West 12th Avenue, 4255 — in its 104th year. The neighbourhood of West Point Grey is deeply saddened to announce the imminent passing of this charming Craftsman-style house. Built in 1914, it has provided shelter, comfort and loving memories for many generations of homeowners and tenants. Also mourning its loss will be anyone who has walked, biked or driven by its welcoming presence. Expected to be torn down in the coming days, 4255 West 12th will leave behind a sense of what Vancouver was like before all the condo towers. A wake is being held in its honour on Sunday, April 9. In lieu of flowers — although you are welcome to leave flowers on its front steps along with any other token of remembrance — please bring ideas of how to prevent this from happening again.
Every day, Clare Cullen bikes past 4255 West 12th Avenue on her way to and from her job at UBC. She loves the way it evokes a feeling of Vancouver’s heritage, sandwiched between two other houses also built the year that the First World War began.
In the summer of 2015, the 3,000 sq. ft. character house, which sits on a large lot, was bought for $3.3 million. It was rented out for a year but then the owners announced they were tearing it down to build a bigger, more modern house.
“It was the proverbial straw that broke the camel’s back,” Cullen says of how its proposed demolition became a rallying cry.
A community meeting was held in November 2015 and about 180 people showed up, she says. “They wanted to share their concern and their sadness.”
Motivated, last December Cullen and some friends went to city hall and asked for a temporary protection order. Vancouver city council agreed. The neighbourhood was once again hopeful, especially since the city was actively working on policies to entice owners to voluntarily preserve character homes.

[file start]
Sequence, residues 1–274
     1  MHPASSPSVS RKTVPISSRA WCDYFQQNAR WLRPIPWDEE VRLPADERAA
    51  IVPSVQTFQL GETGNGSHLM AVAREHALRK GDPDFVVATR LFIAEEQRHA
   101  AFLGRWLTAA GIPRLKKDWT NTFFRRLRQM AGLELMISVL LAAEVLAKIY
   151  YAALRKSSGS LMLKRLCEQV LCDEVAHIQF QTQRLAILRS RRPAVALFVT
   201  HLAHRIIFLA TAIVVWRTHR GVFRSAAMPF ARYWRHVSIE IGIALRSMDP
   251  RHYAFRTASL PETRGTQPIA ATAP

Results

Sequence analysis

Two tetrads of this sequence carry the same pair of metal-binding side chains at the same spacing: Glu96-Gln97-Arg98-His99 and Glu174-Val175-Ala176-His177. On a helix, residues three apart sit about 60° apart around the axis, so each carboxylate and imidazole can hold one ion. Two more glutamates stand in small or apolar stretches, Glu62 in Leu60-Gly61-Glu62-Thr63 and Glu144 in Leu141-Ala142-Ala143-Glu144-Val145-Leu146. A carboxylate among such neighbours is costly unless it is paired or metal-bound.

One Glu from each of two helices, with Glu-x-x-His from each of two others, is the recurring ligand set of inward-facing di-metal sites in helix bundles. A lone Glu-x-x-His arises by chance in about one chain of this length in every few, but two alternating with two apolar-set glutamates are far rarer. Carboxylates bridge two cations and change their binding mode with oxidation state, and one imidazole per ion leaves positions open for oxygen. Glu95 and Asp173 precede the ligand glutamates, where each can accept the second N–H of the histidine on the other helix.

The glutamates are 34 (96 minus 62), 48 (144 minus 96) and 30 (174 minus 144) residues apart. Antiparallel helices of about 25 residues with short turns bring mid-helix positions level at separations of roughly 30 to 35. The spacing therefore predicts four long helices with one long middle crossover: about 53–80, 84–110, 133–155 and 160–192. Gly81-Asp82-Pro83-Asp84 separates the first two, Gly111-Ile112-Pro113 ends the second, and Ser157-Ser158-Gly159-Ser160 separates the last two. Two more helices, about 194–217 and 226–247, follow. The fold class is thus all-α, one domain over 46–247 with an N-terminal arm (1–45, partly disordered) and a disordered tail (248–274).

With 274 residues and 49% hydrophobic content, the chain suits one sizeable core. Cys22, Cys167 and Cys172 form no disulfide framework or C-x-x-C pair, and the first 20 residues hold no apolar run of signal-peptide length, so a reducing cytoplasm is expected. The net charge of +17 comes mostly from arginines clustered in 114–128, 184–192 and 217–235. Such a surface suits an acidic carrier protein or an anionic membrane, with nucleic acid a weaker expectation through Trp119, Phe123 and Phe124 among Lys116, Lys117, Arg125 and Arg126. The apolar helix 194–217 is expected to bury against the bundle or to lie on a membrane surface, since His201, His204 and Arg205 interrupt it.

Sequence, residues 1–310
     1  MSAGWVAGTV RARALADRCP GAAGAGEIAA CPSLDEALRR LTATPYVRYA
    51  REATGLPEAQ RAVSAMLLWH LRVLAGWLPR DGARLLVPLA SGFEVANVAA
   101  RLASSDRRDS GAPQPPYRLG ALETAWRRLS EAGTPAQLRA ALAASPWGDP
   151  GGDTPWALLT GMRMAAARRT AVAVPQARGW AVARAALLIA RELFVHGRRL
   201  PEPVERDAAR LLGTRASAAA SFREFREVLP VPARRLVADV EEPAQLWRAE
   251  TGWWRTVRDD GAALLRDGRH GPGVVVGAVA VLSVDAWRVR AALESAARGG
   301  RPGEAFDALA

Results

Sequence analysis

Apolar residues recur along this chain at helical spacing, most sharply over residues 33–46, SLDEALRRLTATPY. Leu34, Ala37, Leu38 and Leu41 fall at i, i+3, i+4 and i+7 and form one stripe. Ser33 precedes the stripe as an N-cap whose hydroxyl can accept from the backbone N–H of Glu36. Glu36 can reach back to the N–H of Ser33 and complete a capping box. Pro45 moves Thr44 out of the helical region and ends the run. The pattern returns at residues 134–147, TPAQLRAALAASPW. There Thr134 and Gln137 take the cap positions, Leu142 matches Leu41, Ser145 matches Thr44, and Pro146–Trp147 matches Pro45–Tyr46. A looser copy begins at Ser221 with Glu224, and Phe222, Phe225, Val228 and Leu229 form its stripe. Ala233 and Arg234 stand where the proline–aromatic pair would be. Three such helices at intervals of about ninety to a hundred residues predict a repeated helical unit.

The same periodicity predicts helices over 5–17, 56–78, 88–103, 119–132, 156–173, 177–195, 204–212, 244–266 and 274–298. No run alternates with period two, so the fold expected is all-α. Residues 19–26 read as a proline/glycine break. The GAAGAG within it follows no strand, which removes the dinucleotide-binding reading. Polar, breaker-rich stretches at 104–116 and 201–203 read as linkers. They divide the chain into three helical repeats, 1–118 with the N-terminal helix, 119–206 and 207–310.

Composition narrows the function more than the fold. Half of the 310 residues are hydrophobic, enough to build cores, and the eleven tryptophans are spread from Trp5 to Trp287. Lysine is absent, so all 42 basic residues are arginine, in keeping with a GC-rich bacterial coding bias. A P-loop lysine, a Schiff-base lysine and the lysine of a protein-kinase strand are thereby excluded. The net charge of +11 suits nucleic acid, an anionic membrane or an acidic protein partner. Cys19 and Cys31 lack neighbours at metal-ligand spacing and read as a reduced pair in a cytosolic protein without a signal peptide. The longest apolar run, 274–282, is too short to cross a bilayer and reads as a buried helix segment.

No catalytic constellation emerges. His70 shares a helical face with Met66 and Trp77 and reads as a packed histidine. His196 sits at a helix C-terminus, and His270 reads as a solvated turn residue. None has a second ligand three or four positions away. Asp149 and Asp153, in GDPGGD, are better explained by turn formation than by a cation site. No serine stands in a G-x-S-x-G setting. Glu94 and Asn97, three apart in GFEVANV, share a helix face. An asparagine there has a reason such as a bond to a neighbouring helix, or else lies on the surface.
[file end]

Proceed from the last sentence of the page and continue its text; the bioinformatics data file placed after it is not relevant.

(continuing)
However, the temporary protection order was just that — temporary. It was a reprieve, not a pardon.
The four-month order comes to an end on April 12. Although the city tried to convince the owners, who live in mainland China, to renovate the existing home by offering several incentives, the new owners wouldn’t change their mind.
When Cullen, who grew up in a heritage home in Toronto, noticed that work had begun to gut the house’s interior, she was able to get a stop-work order. But that, too, will become moot on April 12.
That’s why she and some friends decided to hold a wake.
“Let's gather to remember the many people who have lived and loved in this house, those who built, renovated and stewarded this house for generations, as well as the old-growth wood and quality building materials that will find themselves in the landfill,” the Eventbrite invitation says.
“We will mourn for future generations who will not have a chance to know this house and a part of their own history.
“In gathering to mourn the passing of this beautiful home, we can hold those in power accountable for the lack of action on meaningful protection of heritage and character homes in Vancouver.”
The wake will start in front of the house at 11:30 on Sunday morning. There will be a few speeches and some of the house’s previous owners are expected to be there, including a couple who lived there 30 years ago. People are invited to contribute to a potluck to be held afterward.
“It’s just a chance to talk about who lived there and put a human face on what’s happening,” Cullen says. “If this one can’t be protected, what’s the hope for others?
“It’s just sad all round.”